Some nations are supposed to focus on scoring tries, whereas others are content with winning matches three points at a time. In reality though, it is really mostly a matter of how good a team is: the top-3 teams of each tournament score on average over 49% of their points from tries (the rest coming from conversions, penalties and drop goals), against about 42.5% for those placed 5th or 6th (standard errors are under 1.5% for both groups). Within this clean trend, Scotland stands out as particularly apt at kicking (or inapt at scoring tries), with under 39% of their points coming from tries (next lowest is Italy slightly around 43.5%).
Figure 6: Average number of tries scored per tournament (all nations combined) by position. Light grey: all players at that position, dark grey: per player.
Figure 6 shows that, as can be expected, backs (and especially wings, with 18 tries per tournament) score the most tries. Among forwards, only the back row can compete with the backs: they account for 60% of forward tries (70% for England and 50% for Ireland), even though they make up only 3/8 = 37.5% of the forwards (I do not have data to break this down between number 8 and flankers).
But they do not do so fairly since there are three of them and only one full-back. The darker bars in Fig. 6 show the number of tries per player (e.g. dividing by three in the case of the back row). Wings are still on top, but centres are tied with the full-back for second place (i.e. one centre scores as many tries as one full-back). The back row do as well as the halves, and the front row as the one behind. This yields four groups in decreasing order of tries scored per player: wings; centres and full back; third row and halves; first and second rows.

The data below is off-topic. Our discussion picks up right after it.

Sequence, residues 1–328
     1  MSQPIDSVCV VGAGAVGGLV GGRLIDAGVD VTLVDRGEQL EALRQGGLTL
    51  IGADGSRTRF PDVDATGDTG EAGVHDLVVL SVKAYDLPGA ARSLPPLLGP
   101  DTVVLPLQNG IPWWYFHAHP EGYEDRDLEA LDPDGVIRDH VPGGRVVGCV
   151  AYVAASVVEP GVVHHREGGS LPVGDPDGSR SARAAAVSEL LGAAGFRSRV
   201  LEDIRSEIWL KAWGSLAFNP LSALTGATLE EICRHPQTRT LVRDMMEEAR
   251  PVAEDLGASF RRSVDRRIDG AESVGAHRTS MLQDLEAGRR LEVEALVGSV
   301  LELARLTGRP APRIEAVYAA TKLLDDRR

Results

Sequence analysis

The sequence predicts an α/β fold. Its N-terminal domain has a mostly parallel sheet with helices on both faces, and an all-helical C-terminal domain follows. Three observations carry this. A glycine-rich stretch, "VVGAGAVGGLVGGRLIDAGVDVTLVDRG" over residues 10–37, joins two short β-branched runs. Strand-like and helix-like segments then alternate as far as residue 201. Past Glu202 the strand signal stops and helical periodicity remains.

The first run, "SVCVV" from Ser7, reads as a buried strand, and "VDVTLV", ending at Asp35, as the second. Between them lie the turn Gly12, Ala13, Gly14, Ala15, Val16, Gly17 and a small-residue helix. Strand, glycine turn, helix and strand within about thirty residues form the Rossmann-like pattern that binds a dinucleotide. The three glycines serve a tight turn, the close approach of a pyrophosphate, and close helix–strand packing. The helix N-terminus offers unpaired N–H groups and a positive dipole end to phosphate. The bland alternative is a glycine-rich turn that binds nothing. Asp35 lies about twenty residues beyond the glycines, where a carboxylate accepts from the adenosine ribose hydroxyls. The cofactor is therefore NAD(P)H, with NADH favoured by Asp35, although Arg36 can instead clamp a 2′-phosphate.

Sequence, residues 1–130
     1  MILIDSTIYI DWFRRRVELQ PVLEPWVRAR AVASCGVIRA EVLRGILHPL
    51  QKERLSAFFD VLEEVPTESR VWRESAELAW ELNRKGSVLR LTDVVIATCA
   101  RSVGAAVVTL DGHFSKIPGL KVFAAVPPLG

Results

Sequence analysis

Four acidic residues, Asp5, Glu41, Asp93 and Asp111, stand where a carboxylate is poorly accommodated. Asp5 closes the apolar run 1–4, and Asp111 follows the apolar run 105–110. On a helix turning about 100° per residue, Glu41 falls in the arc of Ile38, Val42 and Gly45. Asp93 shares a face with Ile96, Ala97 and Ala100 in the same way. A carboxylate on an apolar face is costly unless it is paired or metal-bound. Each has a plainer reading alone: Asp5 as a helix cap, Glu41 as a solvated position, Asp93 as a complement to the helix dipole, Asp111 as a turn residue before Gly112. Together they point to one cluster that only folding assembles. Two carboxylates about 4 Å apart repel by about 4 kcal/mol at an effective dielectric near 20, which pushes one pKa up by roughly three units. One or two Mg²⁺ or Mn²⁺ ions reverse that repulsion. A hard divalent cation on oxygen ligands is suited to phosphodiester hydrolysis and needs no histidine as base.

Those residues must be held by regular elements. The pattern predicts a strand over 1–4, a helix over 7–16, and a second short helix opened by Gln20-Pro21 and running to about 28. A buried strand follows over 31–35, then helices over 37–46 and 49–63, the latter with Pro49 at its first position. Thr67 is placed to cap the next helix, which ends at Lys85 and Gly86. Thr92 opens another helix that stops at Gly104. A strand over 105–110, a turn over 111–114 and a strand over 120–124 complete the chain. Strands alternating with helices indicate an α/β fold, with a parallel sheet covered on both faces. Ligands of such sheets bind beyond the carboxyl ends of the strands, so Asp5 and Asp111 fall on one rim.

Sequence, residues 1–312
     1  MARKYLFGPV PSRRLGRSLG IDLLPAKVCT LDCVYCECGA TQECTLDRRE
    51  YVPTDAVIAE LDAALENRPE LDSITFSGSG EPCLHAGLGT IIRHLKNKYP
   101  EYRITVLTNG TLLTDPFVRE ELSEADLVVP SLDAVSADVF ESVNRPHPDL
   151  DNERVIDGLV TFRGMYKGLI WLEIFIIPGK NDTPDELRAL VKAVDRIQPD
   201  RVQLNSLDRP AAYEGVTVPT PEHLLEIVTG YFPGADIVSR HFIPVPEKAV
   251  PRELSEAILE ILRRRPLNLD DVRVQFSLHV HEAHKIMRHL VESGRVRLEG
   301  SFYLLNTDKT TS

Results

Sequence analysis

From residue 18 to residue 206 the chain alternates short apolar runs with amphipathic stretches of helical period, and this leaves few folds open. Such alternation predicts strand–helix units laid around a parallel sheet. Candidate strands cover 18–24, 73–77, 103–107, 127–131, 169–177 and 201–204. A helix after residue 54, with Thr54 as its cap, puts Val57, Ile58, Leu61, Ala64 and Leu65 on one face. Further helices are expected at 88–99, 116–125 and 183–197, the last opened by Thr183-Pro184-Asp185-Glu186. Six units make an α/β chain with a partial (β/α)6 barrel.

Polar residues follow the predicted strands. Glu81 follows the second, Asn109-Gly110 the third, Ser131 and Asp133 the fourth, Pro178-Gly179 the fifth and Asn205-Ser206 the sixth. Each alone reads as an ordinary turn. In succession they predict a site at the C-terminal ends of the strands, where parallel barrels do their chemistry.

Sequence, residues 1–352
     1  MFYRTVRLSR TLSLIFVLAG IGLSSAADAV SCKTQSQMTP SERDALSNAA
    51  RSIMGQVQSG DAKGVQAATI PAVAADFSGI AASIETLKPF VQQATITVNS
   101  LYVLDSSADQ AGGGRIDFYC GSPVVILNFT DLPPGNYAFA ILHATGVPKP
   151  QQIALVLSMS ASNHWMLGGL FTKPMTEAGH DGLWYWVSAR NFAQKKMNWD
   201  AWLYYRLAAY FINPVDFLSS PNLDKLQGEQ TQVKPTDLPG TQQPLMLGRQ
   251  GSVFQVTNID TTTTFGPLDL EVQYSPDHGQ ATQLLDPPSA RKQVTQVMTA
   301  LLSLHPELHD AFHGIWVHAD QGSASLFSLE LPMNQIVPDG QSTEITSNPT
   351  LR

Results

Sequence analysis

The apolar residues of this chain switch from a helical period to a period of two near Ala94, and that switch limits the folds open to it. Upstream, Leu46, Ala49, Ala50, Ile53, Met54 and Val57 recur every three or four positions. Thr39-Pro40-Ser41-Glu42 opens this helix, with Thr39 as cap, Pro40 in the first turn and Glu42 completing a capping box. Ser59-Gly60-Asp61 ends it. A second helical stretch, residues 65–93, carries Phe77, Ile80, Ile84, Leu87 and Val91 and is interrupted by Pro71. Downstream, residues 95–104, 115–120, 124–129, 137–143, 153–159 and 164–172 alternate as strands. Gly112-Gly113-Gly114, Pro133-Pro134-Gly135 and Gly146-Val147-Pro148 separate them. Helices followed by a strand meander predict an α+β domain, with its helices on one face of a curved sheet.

(The breakdown of forward tries may be unreliable: many are due to a player carrying the ball behind a maul following a line-out or in a scrum at five, so who exactly scores that try is not very meaningful: it could be attributed to forwards as a whole; sometimes it is even hard to tell who scored, since half a dozen players are piled up on the ball.)
The left part of Fig. 7 shows what proportion of the tries scored by each nation were scored by forwards. Overall they score about 27.5% of tries. England and Wales rely less on forwards (i.e. more of their tries come from the backs). On the other hand, Italy stands out as counting more on them.
The right part of Fig. 7 shows the fraction of tries scored by forwards based on the rank of their team that year. On average 28% of the tries of the winner of the tournament are scored by forwards (very close to the average), but only 20% for teams ranked 2nd and 3rd. The bottom two teams rely most on forwards, who score a little more than a third of their tries.